Thursday, July 07, 2005
Seize the Day by Saul Bellow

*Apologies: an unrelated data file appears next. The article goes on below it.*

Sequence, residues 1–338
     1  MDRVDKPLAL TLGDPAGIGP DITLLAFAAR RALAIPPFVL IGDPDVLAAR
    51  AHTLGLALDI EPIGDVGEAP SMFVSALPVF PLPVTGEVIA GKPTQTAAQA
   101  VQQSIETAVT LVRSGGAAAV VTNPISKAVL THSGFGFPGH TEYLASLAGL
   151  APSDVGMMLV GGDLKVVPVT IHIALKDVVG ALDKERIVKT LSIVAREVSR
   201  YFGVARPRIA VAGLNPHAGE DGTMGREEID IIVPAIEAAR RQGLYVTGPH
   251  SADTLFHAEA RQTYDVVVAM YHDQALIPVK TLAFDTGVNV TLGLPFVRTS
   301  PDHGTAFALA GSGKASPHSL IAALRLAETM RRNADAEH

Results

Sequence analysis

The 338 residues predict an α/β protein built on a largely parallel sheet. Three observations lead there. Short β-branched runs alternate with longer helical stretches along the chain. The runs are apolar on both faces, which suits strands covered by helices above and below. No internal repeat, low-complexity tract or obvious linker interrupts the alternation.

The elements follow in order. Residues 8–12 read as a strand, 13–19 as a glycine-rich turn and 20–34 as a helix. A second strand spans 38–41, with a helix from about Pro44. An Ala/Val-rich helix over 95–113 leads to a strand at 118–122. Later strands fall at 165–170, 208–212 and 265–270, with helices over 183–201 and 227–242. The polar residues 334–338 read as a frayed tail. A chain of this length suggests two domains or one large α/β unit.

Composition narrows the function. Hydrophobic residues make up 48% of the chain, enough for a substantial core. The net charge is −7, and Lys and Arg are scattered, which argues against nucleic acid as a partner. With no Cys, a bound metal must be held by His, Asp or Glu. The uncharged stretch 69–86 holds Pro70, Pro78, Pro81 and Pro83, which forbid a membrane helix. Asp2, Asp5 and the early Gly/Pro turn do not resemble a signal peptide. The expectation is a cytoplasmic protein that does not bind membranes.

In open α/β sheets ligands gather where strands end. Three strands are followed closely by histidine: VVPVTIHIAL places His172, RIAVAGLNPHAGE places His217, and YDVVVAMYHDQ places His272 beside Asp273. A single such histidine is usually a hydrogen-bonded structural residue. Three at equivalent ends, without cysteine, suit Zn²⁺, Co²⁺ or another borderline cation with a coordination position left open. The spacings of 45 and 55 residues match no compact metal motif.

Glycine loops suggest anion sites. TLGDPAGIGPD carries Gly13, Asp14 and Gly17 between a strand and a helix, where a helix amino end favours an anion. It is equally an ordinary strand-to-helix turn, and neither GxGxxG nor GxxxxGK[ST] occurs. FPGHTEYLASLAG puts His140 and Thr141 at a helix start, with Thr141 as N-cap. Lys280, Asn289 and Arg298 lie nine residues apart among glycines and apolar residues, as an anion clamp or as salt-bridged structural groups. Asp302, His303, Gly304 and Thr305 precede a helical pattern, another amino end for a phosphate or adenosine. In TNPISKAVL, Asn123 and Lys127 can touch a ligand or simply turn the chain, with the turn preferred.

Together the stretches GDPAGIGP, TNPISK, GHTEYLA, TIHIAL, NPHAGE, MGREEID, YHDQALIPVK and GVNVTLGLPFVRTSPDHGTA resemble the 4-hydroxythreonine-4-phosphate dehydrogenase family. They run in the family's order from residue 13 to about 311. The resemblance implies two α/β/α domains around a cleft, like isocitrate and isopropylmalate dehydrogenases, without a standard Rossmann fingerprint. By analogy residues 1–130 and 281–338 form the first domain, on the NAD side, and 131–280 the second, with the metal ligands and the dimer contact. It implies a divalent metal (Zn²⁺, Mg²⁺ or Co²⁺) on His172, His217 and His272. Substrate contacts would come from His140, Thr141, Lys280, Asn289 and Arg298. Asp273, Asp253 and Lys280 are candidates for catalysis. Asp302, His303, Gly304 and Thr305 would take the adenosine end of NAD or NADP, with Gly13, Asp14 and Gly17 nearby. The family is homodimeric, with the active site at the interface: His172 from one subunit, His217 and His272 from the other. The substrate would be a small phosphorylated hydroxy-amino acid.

I read this for a book club then the meeting was cancelled, and I’m left with nobody to discuss it with (I always did do my homework too early)… The only other Bellow I’ve read is Herzog which is a much bigger book in literal and figurative ways. But Seize the Day—which takes place all in one day—is another good example of a short novel (see The Bay of Noon). While it has an omniscient narrator, the book most closely follows one character, Wilhelm, and the day is his worst. Like a short story the novel starts very close to the moment of disastrous climax, but the novel goes deeply into character. Not a lot of plot, but there is a lot of reflection on people, particularly Wilhelm, and their many aspects. As is often the case, a lot of the revelation about the character comes from the relationships he has with other people (this is a good father-son novel—well, at least in terms of revealing the ways such a relationship can go wrong) as opposed to who he is in the abstract. Too often character development is done through facts about the person, rather than insight into how s/he behaves with others. This provides a nice example of how character development can in many ways carry a story.